That evening we all ended up in a bar on the one road in Paihia that you can really 'go out' on. We managed to have a bit of a boogie and a few drinks but by this stage in the trip, right at the end, I was getting tired so easily! I think it was in anticipation of the long journey home and actually being home itself. But a good time was had! Even when a weird man kept flailing his dreadlocks towards us on the dance floor!
The next day I went on a boat trip. The boat was called 'On The Edge'. When we first got on the boat the weather was quite bad! (Unusual for how it had been so far in the Northland) and we were having to protect ourselves from wind and rain. But as the day went on the sun came out and it ended nicely. We were given a smashing lunch and went to an island where we could walk to the top and get a 360 view. The boat had about 50 people on it, which I thought was a bit too many really. But I still enjoyed the day. That night we went out again to a bar where there was an open mic night. It was really relaxed and a nice way to spend my final proper night in NZ!
I said bye to Sandy and others in the morning in order to head back down to Auckland. On the way there we stopped at a stunning beach for a bit and I really savoured the hot weather and surroundings, knowing what the weather is like back home. When I arrived in Auckland I felt a bit strange because I knew I would be heading straight for the airport in order to start the journey home. I actually started feeling quite sad a couple of days before this, because I knew that the adventure was coming to an end.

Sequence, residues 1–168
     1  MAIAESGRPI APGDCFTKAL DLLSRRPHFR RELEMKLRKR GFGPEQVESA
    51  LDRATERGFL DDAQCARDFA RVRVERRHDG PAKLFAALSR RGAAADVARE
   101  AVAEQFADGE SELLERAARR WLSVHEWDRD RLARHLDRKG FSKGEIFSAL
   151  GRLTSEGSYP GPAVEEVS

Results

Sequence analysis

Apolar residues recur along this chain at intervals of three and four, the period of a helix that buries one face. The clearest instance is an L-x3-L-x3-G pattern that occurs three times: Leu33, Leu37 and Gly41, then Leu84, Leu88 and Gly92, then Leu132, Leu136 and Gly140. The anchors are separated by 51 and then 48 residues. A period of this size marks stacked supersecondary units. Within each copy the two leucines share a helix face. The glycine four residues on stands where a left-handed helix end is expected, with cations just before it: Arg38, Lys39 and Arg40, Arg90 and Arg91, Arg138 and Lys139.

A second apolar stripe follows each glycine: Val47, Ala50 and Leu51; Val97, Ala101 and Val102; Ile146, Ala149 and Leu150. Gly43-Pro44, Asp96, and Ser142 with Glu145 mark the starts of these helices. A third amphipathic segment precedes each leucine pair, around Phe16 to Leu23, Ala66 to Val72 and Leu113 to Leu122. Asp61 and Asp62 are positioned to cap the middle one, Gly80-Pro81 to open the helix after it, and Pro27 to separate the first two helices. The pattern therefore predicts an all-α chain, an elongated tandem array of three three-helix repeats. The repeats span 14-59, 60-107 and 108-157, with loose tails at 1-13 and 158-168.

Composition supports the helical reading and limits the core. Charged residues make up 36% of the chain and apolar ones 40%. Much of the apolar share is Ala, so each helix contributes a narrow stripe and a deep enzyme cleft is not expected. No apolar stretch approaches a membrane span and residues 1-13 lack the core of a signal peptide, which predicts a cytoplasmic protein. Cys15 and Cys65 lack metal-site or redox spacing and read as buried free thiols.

The journey home was OK considering! The only bad thing was catching a cold. On arrival, I felt really happy to meet my parents and our journey home on the icy roads went safely. On the way home I felt overawed by how beautiful the snowy woods and fields looked and it felt good to be home. Driving past Stonehenge is a good thing to do too! I've realised that i'm a rare case, in that I love home and all it offers, as well as loving all the different scenery and people abroad - its an equal appreciation! And i'm glad because I met alot of people who seem to completely dismiss home as if they just don't even want to think about it! But I am lucky to have such wonderful family and friends.
So my journey is over. Only 3 and a half months, which honestly felt like a year because of how much happened. I experienced such highs and lows that I feel eager for more because it makes you feel that little bit more alive. I absolutely loved the people I met and I really hope I stay in contact with many of them. I suppose I learnt a few things on the way:
1. Travelling does not necessarily make you a 'better' person but it gives you the best stories to tell, the best memories to keep and some of the most interesting and exciting friends.
2. Push your barriers a little bit further than you would normally do and do it on the spur of the moment because you will experience thrills you didn't know existed.
3. Don't eat gone off cheesecake.
So I will spend Christmas with my family and enjoy seeing my friends again and also start thinking about where i'm heading in general. I can see now that things do not have to stand still if you don't let them.
I leave you with a quote from Mark Twain:
"Apparently there is nothing that cannot happen today."